The Mojang Bug Tracker is the place where all bugs in Minecraft and all other games created by Mojang Studios are reported, documented, and tracked. Please read this guide to understand how you can help us squash bugs!
For additional tips and policies, please read the full bug tracker guidelines and our FAQ. If you need additional help with reporting a bug or have questions about the bug tracker, feel free to ask other players in the community by visiting our official Minecraft Discord, or through the player run pages linked here.
Before you create a bug report…
First, make sure that your issue is really a bug. A bug is when a game function does not behave as intended. Issues with payments, accounts, technical support issues, and features you’d like to be added are not bugs and are not handled on the bug tracker.
Also note that we do not accept any bug reports about older versions of Minecraft or modified game clients.
If you’re sure you’ve found a bug, search for an existing report. Only one report will be kept open for each existing bug. That report is the one where your input will count.
In case you have trouble using the bug tracker’s search function, we have a few tips for how to perform searches in the full bug tracker guidelines.
You may find reports matching your issue that are already resolved. If the resolution is “Duplicate”, follow the link to the parent bug report where the issue is tracked. For other resolutions, you can take a look at our FAQ to find out what they mean.
If you find that your issue has already been reported by someone else, you may add new information to the existing report by giving it a vote, or adding a comment or attachment. A vote is how you can tell us that you are affected by the bug and want it to be fixed. Comments and attachments are for sharing more detailed information about the bug and its impact. If you want to discuss the bug, please do so outside of the bug tracker.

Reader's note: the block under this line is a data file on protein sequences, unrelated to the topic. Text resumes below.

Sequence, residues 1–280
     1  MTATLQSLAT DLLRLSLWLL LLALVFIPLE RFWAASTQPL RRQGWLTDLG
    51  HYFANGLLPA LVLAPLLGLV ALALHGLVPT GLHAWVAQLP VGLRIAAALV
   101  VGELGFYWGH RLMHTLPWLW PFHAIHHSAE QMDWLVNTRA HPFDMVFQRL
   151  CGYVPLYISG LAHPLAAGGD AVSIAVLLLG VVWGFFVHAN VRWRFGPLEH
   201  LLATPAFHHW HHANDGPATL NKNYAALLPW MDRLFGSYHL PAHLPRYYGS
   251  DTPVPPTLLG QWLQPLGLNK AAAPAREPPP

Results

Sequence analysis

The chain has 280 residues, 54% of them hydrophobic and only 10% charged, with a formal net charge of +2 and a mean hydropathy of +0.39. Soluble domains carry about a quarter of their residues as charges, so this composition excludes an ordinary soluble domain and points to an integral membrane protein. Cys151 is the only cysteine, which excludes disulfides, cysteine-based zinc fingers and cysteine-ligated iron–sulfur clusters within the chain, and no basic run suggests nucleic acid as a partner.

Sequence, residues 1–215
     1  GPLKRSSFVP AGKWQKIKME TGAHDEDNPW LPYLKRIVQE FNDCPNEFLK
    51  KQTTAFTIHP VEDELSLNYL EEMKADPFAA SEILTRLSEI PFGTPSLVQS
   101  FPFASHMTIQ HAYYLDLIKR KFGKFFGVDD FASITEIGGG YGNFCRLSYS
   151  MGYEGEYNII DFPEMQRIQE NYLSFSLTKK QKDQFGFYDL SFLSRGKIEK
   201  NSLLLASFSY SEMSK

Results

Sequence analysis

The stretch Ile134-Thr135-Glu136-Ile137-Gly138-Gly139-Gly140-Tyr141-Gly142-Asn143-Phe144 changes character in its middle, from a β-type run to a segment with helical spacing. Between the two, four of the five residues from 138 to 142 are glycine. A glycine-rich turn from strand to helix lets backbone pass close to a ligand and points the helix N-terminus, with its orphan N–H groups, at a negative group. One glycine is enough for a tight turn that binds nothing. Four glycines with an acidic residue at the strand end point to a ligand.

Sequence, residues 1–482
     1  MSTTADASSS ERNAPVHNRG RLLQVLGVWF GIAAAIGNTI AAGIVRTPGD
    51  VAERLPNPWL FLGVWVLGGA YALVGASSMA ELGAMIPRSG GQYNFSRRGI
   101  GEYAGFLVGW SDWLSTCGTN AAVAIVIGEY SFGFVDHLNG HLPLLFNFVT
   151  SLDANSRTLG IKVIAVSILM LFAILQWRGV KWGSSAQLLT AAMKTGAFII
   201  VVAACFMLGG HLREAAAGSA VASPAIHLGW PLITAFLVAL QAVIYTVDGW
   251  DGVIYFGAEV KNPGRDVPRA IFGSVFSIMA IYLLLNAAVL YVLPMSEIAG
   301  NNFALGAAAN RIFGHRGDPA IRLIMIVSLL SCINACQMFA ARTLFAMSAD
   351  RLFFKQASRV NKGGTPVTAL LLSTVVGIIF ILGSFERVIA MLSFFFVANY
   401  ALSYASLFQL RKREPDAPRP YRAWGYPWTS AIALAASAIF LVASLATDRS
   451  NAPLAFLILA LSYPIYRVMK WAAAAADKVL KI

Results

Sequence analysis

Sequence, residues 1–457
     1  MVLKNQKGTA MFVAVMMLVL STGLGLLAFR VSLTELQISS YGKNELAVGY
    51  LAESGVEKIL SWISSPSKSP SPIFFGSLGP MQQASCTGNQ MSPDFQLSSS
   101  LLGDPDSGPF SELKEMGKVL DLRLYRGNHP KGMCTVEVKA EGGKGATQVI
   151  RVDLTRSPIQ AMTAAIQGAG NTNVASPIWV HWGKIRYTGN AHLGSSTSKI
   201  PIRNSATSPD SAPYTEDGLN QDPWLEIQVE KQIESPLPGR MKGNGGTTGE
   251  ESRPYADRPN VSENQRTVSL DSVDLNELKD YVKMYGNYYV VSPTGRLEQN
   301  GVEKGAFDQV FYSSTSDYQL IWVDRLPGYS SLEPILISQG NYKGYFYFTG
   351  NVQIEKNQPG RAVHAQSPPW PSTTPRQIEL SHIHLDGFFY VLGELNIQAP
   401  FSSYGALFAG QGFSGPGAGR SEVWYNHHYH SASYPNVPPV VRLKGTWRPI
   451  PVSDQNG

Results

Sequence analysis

How to write helpful bug reports
When you’re sure you’ve found a new bug, it’s time to create a new bug report. The most important parts of the report are the summary and description. The summary should say what the bug is as briefly as possible. The summary is how most people will find the report, so think carefully about how to phrase it so that the report can be found as easily as possible.
The description should include:
- Steps to reproduce the bug (i.e., what you need to do in the game to get the bug to happen)
- What you expect to happen when you follow those steps
- What actually happens when you follow those steps
- Any further information you can give about the bug, such as explaining any attachments you’re including, when the bug started to happen, how you’ve tested the bug, messages shown (e.g. error messages), and how the bug impacts gameplay.
For an example template that you can simply copy and paste, please refer to the full bug tracker guidelines.
Also fill out the other fields such as version, platform, game mode, etc., and make sure you select the right project for your bug (the projects are explained in the bug tracker guidelines).
A few more pointers:
- Do not share personal information or account information on the bug tracker.
- Bug reports must be in English. You may use an online translator to help you.
- A bug report may only describe a single bug.
- Look out for incoming comments and reply to them if they ask you a question.
Here are some well-written bug reports that you can take a look at as an example: